CANADA FX DEBT-C$ flat ahead of jobs data; parity push pauses

Thu Oct 7, 2010 9:33am EDT
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   * Little changed, down at 98.86 U.S. cents
 * Charge towards U.S. dollar parity stalls for now
 * Canadian bond prices climb across curve
 By Jennifer Kwan
 TORONTO, Oct 7 (Reuters) - Canada's dollar was little
changed against its U.S. counterpart on Thursday after
approaching parity to touch a 5-month high the day before, with
its trading range expected to remain tight ahead of key
employment data due on Friday.
 At 9:08 a.m. (1308 GMT), the Canadian dollar CAD=D4 was
at C$1.0115 to the U.S. dollar, or 98.86 U.S. cents, a hair
lower from Wednesday's finish at C$1.0107 to the U.S. dollar,
or 98.94 U.S. cents.
 Supporting the currency was the U.S. dollar's downtrend,
which gathered pace on Thursday as it slid to a 15-year low
versus the Japanese yen and an all-time low against the Swiss
franc, while the Australian dollar surged to a 27-year high
against the greenback. [FRX/]
 The greenback has been battered in recent sessions on
growing prospects of more money-printing by the U.S. Federal
Reserve to revive the U.S. economy.
 Oil jumped above $84 a barrel and gold rose to a record
high above $1,364 an ounce as investors bet that huge liquidity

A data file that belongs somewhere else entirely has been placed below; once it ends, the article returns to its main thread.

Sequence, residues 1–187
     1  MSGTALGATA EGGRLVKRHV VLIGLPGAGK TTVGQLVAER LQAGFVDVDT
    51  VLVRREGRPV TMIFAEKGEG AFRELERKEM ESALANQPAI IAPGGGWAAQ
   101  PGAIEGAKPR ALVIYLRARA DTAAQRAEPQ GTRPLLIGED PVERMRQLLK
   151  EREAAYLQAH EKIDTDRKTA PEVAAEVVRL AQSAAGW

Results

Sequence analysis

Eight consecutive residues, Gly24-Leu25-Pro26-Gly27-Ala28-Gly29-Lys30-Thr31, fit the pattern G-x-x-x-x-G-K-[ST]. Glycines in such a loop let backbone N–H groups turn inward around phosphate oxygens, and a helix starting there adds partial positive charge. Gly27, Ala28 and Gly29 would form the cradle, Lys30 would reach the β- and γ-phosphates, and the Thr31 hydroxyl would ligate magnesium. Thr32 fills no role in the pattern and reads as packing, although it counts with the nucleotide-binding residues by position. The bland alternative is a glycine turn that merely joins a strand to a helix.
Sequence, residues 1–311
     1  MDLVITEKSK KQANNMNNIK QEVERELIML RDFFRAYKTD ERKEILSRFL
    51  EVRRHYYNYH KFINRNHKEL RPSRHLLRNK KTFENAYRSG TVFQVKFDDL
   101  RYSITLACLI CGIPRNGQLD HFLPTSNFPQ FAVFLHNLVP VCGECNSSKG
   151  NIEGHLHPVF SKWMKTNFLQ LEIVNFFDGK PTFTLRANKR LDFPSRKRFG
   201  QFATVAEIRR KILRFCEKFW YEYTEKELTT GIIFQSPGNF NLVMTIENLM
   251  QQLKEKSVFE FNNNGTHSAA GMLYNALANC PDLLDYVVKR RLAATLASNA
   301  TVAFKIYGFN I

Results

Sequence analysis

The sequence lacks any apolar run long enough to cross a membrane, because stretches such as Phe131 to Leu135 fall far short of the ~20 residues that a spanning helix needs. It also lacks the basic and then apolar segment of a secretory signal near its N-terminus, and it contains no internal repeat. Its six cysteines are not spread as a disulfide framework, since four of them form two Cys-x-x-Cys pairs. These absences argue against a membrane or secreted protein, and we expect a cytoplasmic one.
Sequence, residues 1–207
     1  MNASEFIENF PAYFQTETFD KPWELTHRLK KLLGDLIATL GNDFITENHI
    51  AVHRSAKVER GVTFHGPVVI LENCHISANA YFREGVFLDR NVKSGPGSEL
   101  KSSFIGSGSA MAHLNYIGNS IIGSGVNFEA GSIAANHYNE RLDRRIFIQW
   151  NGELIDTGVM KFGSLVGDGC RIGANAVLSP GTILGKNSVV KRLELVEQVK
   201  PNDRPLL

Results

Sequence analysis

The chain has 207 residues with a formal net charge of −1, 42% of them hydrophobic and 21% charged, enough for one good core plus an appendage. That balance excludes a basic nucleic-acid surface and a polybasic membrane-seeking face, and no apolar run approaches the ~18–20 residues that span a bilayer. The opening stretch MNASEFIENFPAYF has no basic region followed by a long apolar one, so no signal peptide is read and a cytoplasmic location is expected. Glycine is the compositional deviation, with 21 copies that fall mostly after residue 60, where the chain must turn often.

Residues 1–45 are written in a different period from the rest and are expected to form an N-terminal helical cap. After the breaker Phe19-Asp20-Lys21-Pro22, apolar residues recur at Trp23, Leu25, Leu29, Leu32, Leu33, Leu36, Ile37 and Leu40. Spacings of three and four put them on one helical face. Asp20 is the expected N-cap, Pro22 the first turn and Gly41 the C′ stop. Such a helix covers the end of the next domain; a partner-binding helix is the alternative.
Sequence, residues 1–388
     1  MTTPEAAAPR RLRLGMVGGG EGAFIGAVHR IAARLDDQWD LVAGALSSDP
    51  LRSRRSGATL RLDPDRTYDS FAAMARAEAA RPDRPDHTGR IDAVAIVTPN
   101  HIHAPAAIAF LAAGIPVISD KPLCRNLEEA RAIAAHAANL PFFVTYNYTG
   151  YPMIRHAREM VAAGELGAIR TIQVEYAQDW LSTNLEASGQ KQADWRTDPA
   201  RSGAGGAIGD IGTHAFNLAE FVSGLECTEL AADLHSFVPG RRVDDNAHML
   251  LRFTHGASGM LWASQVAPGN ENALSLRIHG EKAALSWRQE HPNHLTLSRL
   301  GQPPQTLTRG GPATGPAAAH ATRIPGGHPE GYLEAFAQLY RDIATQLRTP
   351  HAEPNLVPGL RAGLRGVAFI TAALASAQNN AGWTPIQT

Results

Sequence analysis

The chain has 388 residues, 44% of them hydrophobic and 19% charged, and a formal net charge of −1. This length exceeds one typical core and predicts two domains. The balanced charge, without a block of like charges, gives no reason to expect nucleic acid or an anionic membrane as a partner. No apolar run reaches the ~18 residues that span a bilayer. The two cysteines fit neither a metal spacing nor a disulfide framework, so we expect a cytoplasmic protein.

being pumped by developed central banks would reflate the
global economy. [MKTS/GLOB]
 But the Canadian dollar was kept under pressure by broader
concerns about the health of the U.S. economy, Canada's biggest
trading partner, said Steve Butler, director of foreign
exchange trading at Scotia Capital.
 "It's a bit of a pullback after the move yesterday, but
Canada's hanging in pretty well," said Butler.
 "Canada still looks good, but I do think we'll continue to
be an underperformer just because of the worries over what's
going on with the U.S."
 On Wednesday, the Canadian dollar rose as high as C$1.0063
to the U.S. dollar, or 99.37 U.S. cents, its highest level
since April 30.
 In Canada, a report on Thursday showed the value of
Canadian building permits issued in August plunged 9.2 percent
from July, well below market expectations, on weakness in the
nonresidential sector. [ID:nN07]
 Still, the data "for today (was) not nearly as relevant,"
said Butler.
 "It's all about data tomorrow. We'll have to see what the
employment data looks like in Canada and the U.S. That's going
to be the main driver," he said.
 U.S. nonfarm payrolls were likely unchanged in September
[ID:nN05187700], while Canada is seen adding 10,000 jobs for
that month. [ID:nN01221816]
 Canadian bond prices mostly rose, in line with U.S.
Treasuries, which gained on expectations of another round of
quantitative easing by the U.S. central bank. [US/]
 The two-year bond CA2YT=RR rose 4 Canadian cents to yield
1.333 percent, while the 10-year bond CA10YT=RR climbed 10
Canadian cents to yield 2.739 percent.
 (Reporting by Jennifer Kwan; editing by Jeffrey Hodgson)